ak
 
Last edited:

chemelec

Well-Known Member
First you need speakers with a good Low Frequency Response.
 

mik3ca

Member
The datasheet of the LM386 shows that its input resistance is 50k ohms which is in parallel with your 10k volume control creating 8.33k that the input capacitor is feeding.
Then a 10uF input capacitor produces a cutoff at 1.92Hz and a 0.1uF input capacitor produces a cutoff at 192Hz
Damn.... So I'll have to go with losing some low-end base sounds because if I buy capacitors higher than 0.1uF then they have to either by electrolytic or more expensive. Then again, I could put a couple 0.1uF in parallel but that would make my board more populated. But for now, I'll leave my cap at 0.1uF since the sounds are still acceptable. If I remember, electrolytics have a higher ESR and don't last as long as other capacitor types?

If you add a capacitor to ground at the amplifier input and it cuts high frequencies above about 3kHz then the audio will sound muffled like an old telephone or an AM radio,
....
Normal audio goes up to 20kHz.
So then I should make my capacitor value across the 10K such that it filters at 20Khz?


depending on the source resistance of the input signal.

The signal comes directly from the analog output pin of the ISD1760 chipcorder sound chip with no pull-up or pull-down resistor externally attached to it. How does the resistance affect the muffability of the sound (aka sound that gets muffled) ?

Your schematic does not show a bypass capacitor value at pin 7 but the datasheet shows that 50uF cuts power supply noises pretty well.
I take it the noise I have is still power supply noise even though the noise (the ticks) only happens when characters get updated on an LCD screen?

I don't know if the interference will be reduced enough if you cut important high and low audio frequencies.
Perhaps I should start with a range of frequencies to filter out. Question is what is the optimal range?

To work on this, place a 0.1 uF (100 nF) ceramic, 1.0 uF film, and and 10 uF high quality electrolytic in parallel directly across the IC power and ground pins with the shortest possible lead lengths.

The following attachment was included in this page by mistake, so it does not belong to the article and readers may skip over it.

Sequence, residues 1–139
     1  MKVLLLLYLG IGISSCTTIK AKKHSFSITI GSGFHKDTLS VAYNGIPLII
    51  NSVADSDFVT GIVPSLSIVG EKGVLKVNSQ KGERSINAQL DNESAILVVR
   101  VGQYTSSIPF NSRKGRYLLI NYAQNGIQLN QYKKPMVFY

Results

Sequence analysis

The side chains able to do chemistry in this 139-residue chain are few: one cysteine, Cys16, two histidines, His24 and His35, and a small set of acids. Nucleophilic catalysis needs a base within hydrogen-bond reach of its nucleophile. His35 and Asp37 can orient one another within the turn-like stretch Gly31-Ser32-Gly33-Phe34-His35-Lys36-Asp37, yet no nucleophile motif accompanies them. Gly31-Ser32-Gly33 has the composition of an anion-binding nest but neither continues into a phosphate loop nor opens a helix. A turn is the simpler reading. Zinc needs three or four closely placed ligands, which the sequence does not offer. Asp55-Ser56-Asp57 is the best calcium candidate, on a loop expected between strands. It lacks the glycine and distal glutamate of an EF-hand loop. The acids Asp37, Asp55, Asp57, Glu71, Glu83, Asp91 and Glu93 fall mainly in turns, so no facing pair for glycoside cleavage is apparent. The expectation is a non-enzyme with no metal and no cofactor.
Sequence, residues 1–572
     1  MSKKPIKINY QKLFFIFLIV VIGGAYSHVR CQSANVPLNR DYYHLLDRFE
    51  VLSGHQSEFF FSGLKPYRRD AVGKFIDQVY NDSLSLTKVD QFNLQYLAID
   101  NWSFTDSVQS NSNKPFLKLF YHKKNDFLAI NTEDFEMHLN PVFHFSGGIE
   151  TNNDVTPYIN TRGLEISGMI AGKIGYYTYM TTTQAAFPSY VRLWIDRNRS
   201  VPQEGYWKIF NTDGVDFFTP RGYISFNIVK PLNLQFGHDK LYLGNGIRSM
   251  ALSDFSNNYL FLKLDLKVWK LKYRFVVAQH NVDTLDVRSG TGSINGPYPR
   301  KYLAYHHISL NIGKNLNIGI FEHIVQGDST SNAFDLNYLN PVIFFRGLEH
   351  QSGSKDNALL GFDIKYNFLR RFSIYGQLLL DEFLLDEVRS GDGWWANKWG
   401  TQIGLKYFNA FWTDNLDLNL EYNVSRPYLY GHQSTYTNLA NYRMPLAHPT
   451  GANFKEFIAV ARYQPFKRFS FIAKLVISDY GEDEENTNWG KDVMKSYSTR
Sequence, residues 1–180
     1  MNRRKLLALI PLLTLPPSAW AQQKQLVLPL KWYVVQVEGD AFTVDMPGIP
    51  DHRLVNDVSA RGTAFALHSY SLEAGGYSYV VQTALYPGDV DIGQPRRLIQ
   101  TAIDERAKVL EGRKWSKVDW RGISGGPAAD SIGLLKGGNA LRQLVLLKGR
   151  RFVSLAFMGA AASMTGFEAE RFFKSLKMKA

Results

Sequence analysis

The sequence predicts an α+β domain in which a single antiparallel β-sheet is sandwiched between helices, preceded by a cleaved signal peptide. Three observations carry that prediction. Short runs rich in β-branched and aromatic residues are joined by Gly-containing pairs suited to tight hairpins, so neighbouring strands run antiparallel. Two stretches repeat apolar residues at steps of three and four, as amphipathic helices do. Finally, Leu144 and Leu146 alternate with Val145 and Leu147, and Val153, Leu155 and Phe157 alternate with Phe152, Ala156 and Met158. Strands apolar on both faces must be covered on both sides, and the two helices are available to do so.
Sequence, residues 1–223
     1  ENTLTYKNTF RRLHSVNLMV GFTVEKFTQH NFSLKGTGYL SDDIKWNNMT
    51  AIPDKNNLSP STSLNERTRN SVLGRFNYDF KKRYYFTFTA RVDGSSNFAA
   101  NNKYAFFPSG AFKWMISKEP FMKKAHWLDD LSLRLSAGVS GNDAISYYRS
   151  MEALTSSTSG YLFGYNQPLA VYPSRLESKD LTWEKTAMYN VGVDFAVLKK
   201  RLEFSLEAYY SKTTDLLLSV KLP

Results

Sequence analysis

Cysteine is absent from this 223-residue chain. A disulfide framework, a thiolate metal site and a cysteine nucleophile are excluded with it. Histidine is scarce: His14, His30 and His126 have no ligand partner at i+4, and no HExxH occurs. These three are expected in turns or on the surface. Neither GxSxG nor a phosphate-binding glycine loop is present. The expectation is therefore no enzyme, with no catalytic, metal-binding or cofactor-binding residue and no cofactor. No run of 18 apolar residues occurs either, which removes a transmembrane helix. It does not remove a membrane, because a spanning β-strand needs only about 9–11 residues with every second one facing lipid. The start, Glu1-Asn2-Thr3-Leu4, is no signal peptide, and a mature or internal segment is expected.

For the parts themselves the lead lengths are short, but in my design I have multiple voltages. 7.2V from the battery connected to the LM386 via a long 10cm by 40mil track on PCB and the rest of the circuitry is powered with 5V via a LM2940 regulator with 22uF caps very close to it. I do have a 100uF capacitor connected directly to the 7.2V power line and ground as close to the amp pins as possible. I guess I should try the 100nF as well and see if it helps. maybe ESR of the electrolytic is the problem.

I may also look at scrapping the gain of the amp (disconnect everything from pins 1 and 8)
 

mik3ca

Member
Ok I'm sort-of figuring out the root of the problem.

In my setup, I have a port pin of a microcontroller connected to a multivibrator trigger in a sub-circuit. Each circuit is connected together through a 3 foot serial cable. The value of this line changes about once every 1uS to send data to LCD in time to make the screen update.

Yes my circuit has a self-timer that triggers the LCD enable line when no new data comes in within a given amount of time. This saves me from requiring extra pins to the micro.

I measured the resistance of a wire in the cable and meter showed 12 ohms. I then tried to filter out high frequency by connecting this line to ground (at the subcircuit entry point with the LCD in it) via a 10nF capacitor and when I tried starting my system with that capacitor in place, it wouldn't run. As soon as I removed the capacitor, It runs fine but still produces that interference.

Because the micro is an 8051, the output going to this pin will always be ground or high-impedance.

What should I do here? should I add a pull-up resistor anyways or should I add a filter capacitor with a different value?
 

Nigel Goodwin

Super Moderator
Most Helpful Member
Actually ...

There is nothing explicit in the datasheet data nor the internal equivalent schematic that limits the LM386 low frequency capability to something above DC.
You're rather missing the point, I wasn't commenting on frequency response, but on the capabilities of an LM386 to produce enough power for people to 'feel' the sub-bass.
 

Nigel Goodwin

Super Moderator
Most Helpful Member
Damn.... So I'll have to go with losing some low-end base sounds because if I buy capacitors higher than 0.1uF then they have to either by electrolytic or more expensive. Then again, I could put a couple 0.1uF in parallel but that would make my board more populated. But for now, I'll leave my cap at 0.1uF since the sounds are still acceptable. If I remember, electrolytics have a higher ESR and don't last as long as other capacitor types?